“More Times In Court Than Al Capone”, (People V Eva Ruiz-Gomez) Part 4

Eva in sepiaRAW ONIONS by F.O. Lambert
Nov 5, 2012 – Marina Gazette
http://www.marina-gazette.com

Today’s column is the fourth in this ongoing melodrama about the Monterey County judicial and law enforcement system’s treatment of Eva Ruiz-Gomez, the counseling coercion of her fourteen year-old son, and for what purpose. And who is the District Attorney’s office and the Sheriff’s Department looking out for and protecting for all of these years while putting Eva and her family through the mill?

I’m not joking about “times in court”, folks. Eva will be back in Family Court again on Friday, Nov. 9th. But in Part 4, we’ll be looking at the court-ordered “Reunification Therapy” sessions which have failed at forcing Eva’s 14-year old child to want to be with or spend time with his biological father, Ramon Munoz.  Sometimes the Reunification sessions work, re-uniting family members whom otherwise may have remained estranged, and in other cases, the sessions are emotionally detrimental and make matters worse, specifically for the children involved in this form of “psychological arm-twisting”. One size does not fit all!  We have different fingerprints, different temperaments, and different people we want to associate with or those we prefer to distant ourselves from. “The road to hell is paved with good intentions”, and each individual reacts differently in RT (Reunification Therapy).

It appears to me that Eva’s child is being used by the court system as a possible delaying tactic for the benefit of the biological father. This is the same man, Ramon Munoz, who brought felony kidnapping charges against Eva, so the Family Court is trying to force the son to have a relationship with the man who is trying to put his mother in prison.  That’s gotta be tough.  When Eva’s son was five years old, Munoz could only have supervised overnight visitation (supervised by a deputy sheriff) and was not allowed to drive with the boy in his car, because of Munoz’s drinking and driving convictions.  Shortly after Eva and her family, including her son, moved to Mexico (with permission from the court) for seven years.

Since being back, her son’s experience of Munoz has included being abducted from his school and kept from his family for two weeks, being traumatized (he’s been diagnosed with PTSD by two therapists) and being forced to attend Reunification Therapy sessions. He was being “prepped” for a year before the official RT sessions started in October, 2011, to the present day. Family Code Section 3190(a) says:

“The court may require parents or any other party involved in a custody or visitation dispute, and the minor child, to participate in outpatient counseling with a licensed mental health professional…for not more than one year, provided that the program selected has counseling available for the designated period of time, if the court finds both of the following:

(1) The dispute between the parents, between the parent or parents and the child, between the parent or parents and another party seeking custody or visitation rights with the child, or  between a party seeking custody or visitation rights and the child, poses a substantial danger to the best interest of the child.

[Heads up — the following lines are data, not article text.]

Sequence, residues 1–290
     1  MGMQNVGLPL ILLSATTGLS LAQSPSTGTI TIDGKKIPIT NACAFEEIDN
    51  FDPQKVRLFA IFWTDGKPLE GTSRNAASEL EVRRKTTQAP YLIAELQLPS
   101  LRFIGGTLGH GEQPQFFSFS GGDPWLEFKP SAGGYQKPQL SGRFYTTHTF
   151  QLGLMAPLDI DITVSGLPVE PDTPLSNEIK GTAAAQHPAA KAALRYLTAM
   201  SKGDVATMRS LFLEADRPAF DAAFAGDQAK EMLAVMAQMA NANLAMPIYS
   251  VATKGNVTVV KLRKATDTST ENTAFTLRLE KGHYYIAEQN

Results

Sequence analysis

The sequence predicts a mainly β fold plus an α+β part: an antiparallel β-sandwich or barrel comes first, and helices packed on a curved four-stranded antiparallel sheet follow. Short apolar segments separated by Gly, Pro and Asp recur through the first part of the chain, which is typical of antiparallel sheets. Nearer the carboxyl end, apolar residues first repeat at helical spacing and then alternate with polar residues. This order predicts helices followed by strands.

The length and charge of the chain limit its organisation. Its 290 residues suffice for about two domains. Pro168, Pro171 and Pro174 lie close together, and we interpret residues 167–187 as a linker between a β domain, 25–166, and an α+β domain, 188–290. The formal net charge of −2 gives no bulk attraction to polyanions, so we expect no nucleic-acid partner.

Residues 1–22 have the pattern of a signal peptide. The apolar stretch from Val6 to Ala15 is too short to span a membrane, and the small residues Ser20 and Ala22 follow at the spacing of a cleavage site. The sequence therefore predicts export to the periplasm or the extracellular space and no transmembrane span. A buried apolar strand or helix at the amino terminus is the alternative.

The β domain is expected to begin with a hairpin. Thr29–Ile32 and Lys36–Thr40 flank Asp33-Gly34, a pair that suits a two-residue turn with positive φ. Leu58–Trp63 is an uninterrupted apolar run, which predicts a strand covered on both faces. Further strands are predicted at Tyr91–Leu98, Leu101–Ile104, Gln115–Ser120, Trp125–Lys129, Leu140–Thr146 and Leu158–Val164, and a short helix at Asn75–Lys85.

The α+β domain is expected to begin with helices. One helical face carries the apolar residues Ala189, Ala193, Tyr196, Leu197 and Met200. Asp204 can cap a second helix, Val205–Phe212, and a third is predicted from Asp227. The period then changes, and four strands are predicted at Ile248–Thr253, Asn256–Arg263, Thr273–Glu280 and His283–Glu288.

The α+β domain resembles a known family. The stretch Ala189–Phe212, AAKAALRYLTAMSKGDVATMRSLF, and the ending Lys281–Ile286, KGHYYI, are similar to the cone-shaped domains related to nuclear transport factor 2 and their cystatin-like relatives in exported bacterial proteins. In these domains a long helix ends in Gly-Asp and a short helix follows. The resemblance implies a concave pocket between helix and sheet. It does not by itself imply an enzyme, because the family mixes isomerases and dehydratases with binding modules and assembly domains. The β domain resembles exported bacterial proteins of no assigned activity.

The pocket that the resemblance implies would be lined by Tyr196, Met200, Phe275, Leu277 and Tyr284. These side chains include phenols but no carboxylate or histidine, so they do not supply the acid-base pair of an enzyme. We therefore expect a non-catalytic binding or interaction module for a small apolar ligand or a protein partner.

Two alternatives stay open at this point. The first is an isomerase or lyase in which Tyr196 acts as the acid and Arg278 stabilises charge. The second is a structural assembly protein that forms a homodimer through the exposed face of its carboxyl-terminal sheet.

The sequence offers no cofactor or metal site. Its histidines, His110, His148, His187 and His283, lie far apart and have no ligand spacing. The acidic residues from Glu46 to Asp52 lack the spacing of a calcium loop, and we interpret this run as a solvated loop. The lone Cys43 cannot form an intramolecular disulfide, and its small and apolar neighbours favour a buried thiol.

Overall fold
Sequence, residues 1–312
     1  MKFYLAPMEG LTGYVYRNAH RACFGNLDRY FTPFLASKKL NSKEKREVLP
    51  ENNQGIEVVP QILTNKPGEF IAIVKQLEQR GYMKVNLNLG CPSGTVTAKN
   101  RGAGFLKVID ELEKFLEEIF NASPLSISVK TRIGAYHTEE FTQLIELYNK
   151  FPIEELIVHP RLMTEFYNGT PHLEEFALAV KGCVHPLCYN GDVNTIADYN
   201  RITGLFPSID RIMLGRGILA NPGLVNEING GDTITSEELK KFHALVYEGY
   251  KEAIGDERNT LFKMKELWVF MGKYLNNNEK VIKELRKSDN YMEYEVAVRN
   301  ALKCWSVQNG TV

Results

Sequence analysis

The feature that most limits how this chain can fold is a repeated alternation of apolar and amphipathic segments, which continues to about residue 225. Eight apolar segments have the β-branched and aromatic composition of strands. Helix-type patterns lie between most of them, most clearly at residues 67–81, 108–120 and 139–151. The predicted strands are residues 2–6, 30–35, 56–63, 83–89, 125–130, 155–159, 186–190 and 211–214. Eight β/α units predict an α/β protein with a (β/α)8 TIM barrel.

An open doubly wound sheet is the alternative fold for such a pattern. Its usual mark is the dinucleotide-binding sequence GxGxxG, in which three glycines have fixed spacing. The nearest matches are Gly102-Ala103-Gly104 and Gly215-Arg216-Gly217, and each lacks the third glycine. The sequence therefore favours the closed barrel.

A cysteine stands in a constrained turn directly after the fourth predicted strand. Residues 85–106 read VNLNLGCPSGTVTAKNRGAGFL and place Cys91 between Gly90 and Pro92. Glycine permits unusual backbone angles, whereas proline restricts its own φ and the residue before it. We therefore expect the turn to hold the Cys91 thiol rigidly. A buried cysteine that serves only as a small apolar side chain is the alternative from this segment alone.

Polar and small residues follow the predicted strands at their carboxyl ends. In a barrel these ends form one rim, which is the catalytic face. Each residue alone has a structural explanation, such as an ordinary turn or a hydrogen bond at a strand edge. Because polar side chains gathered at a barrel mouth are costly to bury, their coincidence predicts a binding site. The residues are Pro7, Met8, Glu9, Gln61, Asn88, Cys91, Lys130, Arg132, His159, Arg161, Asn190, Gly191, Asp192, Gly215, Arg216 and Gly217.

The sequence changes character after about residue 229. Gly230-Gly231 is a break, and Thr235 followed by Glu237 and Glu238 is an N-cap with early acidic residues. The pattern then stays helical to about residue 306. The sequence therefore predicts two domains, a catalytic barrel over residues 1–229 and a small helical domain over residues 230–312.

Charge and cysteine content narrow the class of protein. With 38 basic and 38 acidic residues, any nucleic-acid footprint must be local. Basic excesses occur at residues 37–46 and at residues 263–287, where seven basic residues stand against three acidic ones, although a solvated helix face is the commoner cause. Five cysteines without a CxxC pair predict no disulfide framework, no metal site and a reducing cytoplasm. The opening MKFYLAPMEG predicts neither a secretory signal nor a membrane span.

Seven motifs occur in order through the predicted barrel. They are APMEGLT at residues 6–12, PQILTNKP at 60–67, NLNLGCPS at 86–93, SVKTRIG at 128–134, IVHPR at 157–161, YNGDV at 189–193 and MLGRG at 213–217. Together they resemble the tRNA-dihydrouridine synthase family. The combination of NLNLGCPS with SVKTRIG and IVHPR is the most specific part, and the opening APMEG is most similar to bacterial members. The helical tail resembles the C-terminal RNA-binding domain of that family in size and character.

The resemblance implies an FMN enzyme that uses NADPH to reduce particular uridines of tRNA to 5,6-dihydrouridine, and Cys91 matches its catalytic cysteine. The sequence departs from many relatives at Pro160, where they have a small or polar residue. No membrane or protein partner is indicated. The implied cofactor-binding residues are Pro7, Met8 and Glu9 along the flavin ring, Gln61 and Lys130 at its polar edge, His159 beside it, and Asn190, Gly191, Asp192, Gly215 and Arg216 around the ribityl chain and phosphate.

(2) The counseling is in the best interest of the child.”

Family Code Section 3190 (d), “the court, in it’s finding, shall set forth reasons why it has found both of the following:

(1) The dispute poses a substantial danger to the best interest of the child and the counseling is in the best interest of the child.

(2) The financial burden created by the court order for counseling does not otherwise jeopardize a party’s other financial obligations.”

The court-mandated reunification therapy sessions are expensive, and both parents and/or guardians are obligated to pay the counselor fees. Eva and her husband, Mailo, struggle to make ends meet, and have to pay for therapy which is not working, but Eva manages mostly to pay for the sessions, sometimes getting behind.  Oops! Let’s not forget that the child’s biological father, Mr. Munoz, owes Eva almost $29,000 in child support! Twenty nine thousand dollars! He and his attorney agreed to that amount in court. It’s a matter of record. A “loving father, eh?”

Eva’s child does not trust the reunification therapists, and his physical and emotional health have been affected from these coerced counseling sessions. He’s only 14, and is forced to “butt heads” with adult counselors who, to my understanding, refuse to acknowledge the fear he has of being with his biological father. If that isn’t enough, there’s the Certified Pediatric Nurse Practitioner’s declaration or testimony on the child’s behalf. The nurse has been his primary healthcare provider since his birth and knows the youngster very well, and stated in writing that the physical ailments (migraines, stomachaches, eczema, rashes, nausea, and now even chewing on his knuckles on all 10 fingers) developed since the Reunification Therapy started, in 2011. Plus, he doesn’t sleep well at night since being forced into therapy. This on top of his diagnosis of Post Traumatic Stress Syndrome. Eva’s son loves his step-father, Mailo, whom he feels is his father. Is the Family Court really concerned about the child or are they using him to “get Eva” for not selling her soul on a plea bargain?

Stay tuned for Part 5. You can read Part 3 and much more on http://www.friendsofeva.org,

the onion cutter

Advertisements